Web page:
AN EX-SLAVE SOLDIER IN THE UNION ARMY  is buried in an Athens, Georgia, African-American cemetery. A rather elaborate gravesite for Pvt. Charley Hicks exists in the beautiful but sadly rundown Gospel Pilgrim Cemetery in East Athens on Fourth Street. Charley Hicks joined a newly formed black regiment in May, 1865, before the Civil War was over. He received an honorable discharge as a private and got a pension following the war when he returned to Athens.

We estimate there are perhaps 3,500 graves in the cemetery founded in 1882 to give Athens area blacks a dignified and landscaped cemetery. About 600 or so graves have tombstones or markers. Approximately one-fifth of the marked graves are of ex-slaves. Prior to Gospel Pilgrim, burials for African Americans took place in small graveyards in more rural areas of Clarke County or in sub-standard portions of the old Athens City Cemetery and in Oconee Hill Cemetery.

Black citizens in the 19th Century knew that their graves might be violated and African-American graves covered over by new construction. Just this week I ran across a legal case in which a black citizen sued the City of Athens for digging a sewer line through the gravesite of her relative. That's why hundreds of African Americans welcomed the chance to bury family members in Gospel Pilgrim.

The dishonoring of black graves continued into the 20th Century. Some African-American graves in the old city cemetery were opened and bones found were hustled out one dark night and secretly buried en masse on Nowhere Road in Clarke County. The African-American graves were in a part of the old cemetery needed to build the University of Georgia’s Baldwin Hall adjacent to the burial ground. In Oconee Hill Cemetery, black graves were relegated to an unattractive area bordering a ravine.  When a railroad embankment was constructed nearby, many of these graves were covered up.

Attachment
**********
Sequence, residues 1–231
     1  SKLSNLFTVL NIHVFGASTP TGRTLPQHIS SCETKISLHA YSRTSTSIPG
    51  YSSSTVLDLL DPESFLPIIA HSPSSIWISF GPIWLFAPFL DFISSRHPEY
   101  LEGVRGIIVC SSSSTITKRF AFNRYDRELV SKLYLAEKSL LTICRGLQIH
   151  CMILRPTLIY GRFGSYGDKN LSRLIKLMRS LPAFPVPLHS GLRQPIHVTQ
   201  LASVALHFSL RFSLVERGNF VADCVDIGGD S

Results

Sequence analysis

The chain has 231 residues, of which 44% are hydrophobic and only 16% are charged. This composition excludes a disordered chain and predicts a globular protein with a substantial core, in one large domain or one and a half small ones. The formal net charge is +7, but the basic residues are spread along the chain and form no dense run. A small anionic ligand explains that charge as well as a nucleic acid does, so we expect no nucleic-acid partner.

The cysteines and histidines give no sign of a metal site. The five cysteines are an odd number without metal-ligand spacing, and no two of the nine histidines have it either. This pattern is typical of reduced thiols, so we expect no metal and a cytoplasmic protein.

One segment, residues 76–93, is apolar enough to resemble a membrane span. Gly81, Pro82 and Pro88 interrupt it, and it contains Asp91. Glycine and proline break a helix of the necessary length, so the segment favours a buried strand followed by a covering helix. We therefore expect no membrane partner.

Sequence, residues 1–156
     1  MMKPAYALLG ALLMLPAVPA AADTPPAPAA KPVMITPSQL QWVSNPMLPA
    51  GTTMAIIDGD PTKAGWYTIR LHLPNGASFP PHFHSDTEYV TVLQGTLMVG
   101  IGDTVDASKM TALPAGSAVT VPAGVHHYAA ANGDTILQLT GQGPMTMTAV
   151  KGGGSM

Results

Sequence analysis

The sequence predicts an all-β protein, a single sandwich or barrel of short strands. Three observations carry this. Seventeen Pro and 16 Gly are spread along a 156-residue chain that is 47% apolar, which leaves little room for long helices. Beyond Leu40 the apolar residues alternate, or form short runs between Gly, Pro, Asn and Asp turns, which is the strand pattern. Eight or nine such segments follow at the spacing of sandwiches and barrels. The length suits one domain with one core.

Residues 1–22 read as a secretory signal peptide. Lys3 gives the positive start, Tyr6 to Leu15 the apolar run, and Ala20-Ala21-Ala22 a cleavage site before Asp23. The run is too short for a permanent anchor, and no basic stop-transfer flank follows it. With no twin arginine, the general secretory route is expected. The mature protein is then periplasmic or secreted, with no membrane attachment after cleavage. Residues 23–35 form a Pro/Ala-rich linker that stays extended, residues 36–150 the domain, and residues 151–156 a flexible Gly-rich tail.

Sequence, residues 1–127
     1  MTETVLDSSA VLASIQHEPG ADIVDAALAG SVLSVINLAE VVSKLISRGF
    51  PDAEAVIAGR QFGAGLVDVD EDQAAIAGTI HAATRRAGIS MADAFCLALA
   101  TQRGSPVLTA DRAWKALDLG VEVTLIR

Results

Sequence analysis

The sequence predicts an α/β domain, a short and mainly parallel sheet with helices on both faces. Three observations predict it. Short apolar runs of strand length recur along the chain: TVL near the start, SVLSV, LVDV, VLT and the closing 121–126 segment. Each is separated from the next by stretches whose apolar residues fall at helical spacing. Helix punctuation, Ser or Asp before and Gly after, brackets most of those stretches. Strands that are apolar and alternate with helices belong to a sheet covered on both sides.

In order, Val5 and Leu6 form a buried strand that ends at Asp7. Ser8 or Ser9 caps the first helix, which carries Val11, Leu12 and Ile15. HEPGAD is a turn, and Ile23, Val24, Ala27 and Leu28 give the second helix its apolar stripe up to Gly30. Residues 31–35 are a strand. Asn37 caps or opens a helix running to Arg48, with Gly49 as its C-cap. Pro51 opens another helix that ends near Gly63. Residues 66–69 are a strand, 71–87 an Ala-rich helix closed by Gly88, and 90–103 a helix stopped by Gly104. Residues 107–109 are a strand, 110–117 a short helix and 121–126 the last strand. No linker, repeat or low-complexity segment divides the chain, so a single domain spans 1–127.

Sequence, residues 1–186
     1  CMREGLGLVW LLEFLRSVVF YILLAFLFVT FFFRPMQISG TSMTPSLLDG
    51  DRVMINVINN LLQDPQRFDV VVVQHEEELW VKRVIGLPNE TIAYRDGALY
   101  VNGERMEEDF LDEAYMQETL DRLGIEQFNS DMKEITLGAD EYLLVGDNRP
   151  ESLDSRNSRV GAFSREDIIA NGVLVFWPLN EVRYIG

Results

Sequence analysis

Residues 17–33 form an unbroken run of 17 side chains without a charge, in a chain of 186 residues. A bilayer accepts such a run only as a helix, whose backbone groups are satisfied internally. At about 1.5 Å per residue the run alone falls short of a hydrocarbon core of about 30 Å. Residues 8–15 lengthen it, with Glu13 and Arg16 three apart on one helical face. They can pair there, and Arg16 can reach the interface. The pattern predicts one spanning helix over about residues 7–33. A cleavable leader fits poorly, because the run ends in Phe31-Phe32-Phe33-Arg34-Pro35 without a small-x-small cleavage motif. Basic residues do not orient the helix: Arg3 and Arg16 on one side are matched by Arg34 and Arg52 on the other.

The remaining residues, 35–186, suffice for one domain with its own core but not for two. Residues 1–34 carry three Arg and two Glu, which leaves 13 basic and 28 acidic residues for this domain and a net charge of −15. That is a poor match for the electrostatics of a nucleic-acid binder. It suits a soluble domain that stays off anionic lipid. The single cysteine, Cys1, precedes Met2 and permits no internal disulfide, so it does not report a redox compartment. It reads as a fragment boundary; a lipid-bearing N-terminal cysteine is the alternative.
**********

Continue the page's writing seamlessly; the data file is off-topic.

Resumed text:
THE GOSPEL PILGRIM SOCIETY WAS CHARTERED IN 1882, an African-American fraternal burial and insurance society. Members bought their lots at reasonable prices and paid a few cents per week to get a big funeral procession, led by lodge members in full regalia.  The last president of the Gospel Pilgrim Society died in 1977. No one knows where his records went, although a woman who cared for him in his last illness had them in her attic.  She can’t remember to whom she gave the records. This hampers lot identifications greatly.  Since about 10 years ago I have helped with the restoration of the cemetery as chair of research and history for Gospel Pilgrim, a 9-acre cemetery at Fourth and Bray streets. The cemetery is inactive now, but very occasionally a burial is allowed if descendants can produce a lot ownership certificate and know where the lot is.

A few years ago City-county residents voted generously in a special sales tax election to make Gospel Pilgrim a $360,000 item to restore its roadways and improve its infra-structure. A re-dedication of the cemetery was held in 2010. It capped a decades-long effort to clear the jungle of privet, trees, and wisteria and tons of trash from the cemetery. About three-quarters of the cemetery was cleared and a program of grave identification using GPS and ground photography was carried out.

All care of the cemetery has now ground to a halt.  The city-county has not set aside any maintenance funds, and with the current Recession, the cemetery is being allowed to return to the jungle. Athens-Clarke County doesn’t own the cemetery and only oversees it under a state law giving local governments permission to voluntarily take care of abandoned cemeteries.  On Oct. 8, 2011, at 10 a.m. I’ll lead a walking tour of Gospel Pilgrim, calling special attention to Charlie Hick’s grave and to leading black educators buried in the cemetery. The walking tours are sponsored by the Athens-Clarke Heritage Foundation, and you can register online if you wish to participate.  See http://achfonline.org/heritage-walks/. Price per ticket is $12 per ACHF member or $15 per non-member. The tour lasts about one hour.